Social SecuritySocial Security beneficiaries will get a 1.7% cost of living adjustment in 2013.

The COLA is calculated by a measurement of inflation, which has risen slowly over the past year. However, the inflation calculation used currently, the Consumer Price Index for Wage Earners or CPI-W, may not take in the rise in cost of living for seniors, which most strongly depends on rising health care costs (a separate measure, the Consumer Price Index for the Elderly or CPI-E, accounts for this much better).

The cost of health care has risen well beyond the rate of inflation over the years, particularly for seniors. Indeed, Medicare premium increases could eat up the entire COLA this year, and those come directly out of Social Security checks. So the net result may be flat.

Despite this, last year Congress and the President toyed with changing the COLA calculation to a chained CPI, on the grounds that the cost of living adjustment was too generous to seniors. This would have resulted in a net benefit cut for millions of Americans, and it’s still on the table as part of the menu of changes to deal with a long-term funding gap in Social Security.

Over 56 million seniors will see the 1.7% boost, as well as 8 million Americans on Supplemental Security Income. The average Social Security benefit is around $14,800 a year, and this is often the sole source of income for the individual. Retirement security has lessened over the past few decades, with the elimination of most defined benefit pensions and the rise of 401(k)-style plans, as well as cuts to the personal savings rate. Retirees used to have a multi-legged stool, and now many of them have only Social Security.

The COLA law is statutory, signed by President Nixon in 1972. Beneficiaries must receive a cost of living adjustment calculated using inflation. Unfortunately, inflation has been so low through the Great Recession that beneficiaries received no COLA in 2010 and 2011. Benefits increased 3.6% in 2012. The Recovery Act did provide a $250 one-time payment to beneficiaries in 2009.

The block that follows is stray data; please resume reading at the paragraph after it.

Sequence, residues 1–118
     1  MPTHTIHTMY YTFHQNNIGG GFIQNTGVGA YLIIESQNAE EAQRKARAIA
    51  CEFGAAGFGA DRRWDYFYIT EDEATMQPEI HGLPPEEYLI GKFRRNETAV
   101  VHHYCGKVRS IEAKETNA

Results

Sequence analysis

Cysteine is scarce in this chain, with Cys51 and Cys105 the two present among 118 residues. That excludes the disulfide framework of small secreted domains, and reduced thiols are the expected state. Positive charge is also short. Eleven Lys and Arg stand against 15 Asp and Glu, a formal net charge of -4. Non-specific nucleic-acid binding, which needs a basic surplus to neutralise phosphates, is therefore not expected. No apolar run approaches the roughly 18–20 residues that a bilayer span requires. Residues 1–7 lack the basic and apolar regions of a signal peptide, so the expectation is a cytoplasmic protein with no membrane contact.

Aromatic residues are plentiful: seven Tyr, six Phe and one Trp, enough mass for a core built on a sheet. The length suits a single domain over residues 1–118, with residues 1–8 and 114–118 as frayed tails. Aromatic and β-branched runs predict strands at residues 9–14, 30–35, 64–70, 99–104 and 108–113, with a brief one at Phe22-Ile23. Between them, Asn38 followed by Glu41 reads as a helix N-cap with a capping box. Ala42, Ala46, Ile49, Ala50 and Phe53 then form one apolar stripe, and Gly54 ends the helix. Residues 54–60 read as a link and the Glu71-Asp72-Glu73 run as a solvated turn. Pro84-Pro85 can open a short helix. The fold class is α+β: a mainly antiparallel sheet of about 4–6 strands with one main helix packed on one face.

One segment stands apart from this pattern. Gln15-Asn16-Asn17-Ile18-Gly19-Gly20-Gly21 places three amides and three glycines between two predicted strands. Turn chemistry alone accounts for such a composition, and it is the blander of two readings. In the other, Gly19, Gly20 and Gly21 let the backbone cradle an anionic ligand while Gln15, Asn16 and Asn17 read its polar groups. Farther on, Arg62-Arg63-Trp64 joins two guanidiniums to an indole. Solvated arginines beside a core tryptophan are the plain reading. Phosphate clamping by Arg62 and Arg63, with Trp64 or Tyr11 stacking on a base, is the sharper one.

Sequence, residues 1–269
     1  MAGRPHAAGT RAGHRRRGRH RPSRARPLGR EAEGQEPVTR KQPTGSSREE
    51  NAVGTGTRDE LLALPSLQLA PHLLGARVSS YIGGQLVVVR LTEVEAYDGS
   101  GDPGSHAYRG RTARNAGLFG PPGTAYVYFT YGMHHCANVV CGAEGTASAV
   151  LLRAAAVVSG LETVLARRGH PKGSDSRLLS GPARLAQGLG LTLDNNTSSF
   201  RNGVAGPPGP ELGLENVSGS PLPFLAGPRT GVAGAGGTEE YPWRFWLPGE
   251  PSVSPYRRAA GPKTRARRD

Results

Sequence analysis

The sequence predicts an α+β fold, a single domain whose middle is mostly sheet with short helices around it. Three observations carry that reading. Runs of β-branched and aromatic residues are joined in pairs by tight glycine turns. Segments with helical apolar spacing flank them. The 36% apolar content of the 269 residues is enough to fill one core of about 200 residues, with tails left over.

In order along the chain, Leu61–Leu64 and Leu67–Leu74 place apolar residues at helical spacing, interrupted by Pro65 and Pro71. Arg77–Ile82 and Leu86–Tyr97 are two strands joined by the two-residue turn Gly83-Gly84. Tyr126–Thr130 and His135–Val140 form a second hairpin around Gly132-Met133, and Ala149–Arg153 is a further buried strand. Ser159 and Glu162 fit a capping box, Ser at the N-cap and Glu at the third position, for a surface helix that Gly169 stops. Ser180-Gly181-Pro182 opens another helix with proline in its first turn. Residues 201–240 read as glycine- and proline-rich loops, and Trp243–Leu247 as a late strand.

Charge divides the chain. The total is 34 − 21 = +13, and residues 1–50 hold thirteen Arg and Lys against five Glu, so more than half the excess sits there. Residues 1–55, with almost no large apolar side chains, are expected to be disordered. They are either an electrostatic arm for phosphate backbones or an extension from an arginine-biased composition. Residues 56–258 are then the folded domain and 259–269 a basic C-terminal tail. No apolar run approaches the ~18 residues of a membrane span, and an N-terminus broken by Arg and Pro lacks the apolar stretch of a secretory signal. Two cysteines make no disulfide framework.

So the last four years of COLA increases have increased benefits for seniors by less than 6%. Despite this, we have continued discussion of the need to make changes to the program, including cutting benefits, to satisfy an actuarial projection 30 years down the road. That includes proposals to increase the retirement age, the least courageous thing a politician can say.

This is one of Washington, D.C.’s more disagreeable conceits. The people wandering around calling for a higher retirement age will never feel the bite of the policy. Think tankers and politicians and columnists don’t retire at age 62, or even age 65. They love their work, which mostly requires sitting down in air-conditioned rooms. They stick around pretty much until they’re about to die [...]

Meanwhile, you could do more to erase Social Security’s shortfall by simply lifting the payroll tax cap. A lot more. According to the Congressional Budget Office, raising the federal retirement age to 70 would solve about half of Social Security funding problem, while lifting the payroll tax cap would solve all of it.

As it happens, lifting the payroll tax cap would also end up costing eminent think tankers and journalists and lobbyists and politicians a whole lot of money. Perhaps consequentially, it’s a rather less popular policy idea in this town. Many consider it an easy way out, even though it would be much harder on them. Courage and sacrifice for thee, but not for me.

Indeed. More here.

Image by DonkeyHotey under Creative Commons License